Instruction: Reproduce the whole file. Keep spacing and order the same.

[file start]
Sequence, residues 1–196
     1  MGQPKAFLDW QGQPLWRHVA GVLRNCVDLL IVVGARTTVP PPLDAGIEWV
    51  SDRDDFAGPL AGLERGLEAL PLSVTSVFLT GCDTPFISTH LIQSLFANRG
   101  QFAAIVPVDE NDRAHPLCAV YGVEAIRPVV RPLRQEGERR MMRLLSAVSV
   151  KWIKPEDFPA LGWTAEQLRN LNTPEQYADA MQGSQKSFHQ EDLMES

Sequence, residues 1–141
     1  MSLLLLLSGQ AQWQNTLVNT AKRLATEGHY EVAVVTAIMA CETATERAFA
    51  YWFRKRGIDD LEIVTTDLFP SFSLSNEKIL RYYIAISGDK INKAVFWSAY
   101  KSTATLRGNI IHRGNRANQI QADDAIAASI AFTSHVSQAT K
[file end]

Sequence, residues 1–196
     1  MGQPKAFLDW QGQPLWRHVA GVLRNCVDLL IVVGARTTVP PPLDAGIEWV
    51  SDRDDFAGPL AGLERGLEAL PLSVTSVFLT GCDTPFISTH LIQSLFANRG
   101  QFAAIVPVDE NDRAHPLCAV YGVEAIRPVV RPLRQEGERR MMRLLSAVSV
   151  KWIKPEDFPA LGWTAEQLRN LNTPEQYADA MQGSQKSFHQ EDLMES

Sequence, residues 1–141
     1  MSLLLLLSGQ AQWQNTLVNT AKRLATEGHY EVAVVTAIMA CETATERAFA
    51  YWFRKRGIDD LEIVTTDLFP SFSLSNEKIL RYYIAISGDK INKAVFWSAY
   101  KSTATLRGNI IHRGNRANQI QADDAIAASI AFTSHVSQAT K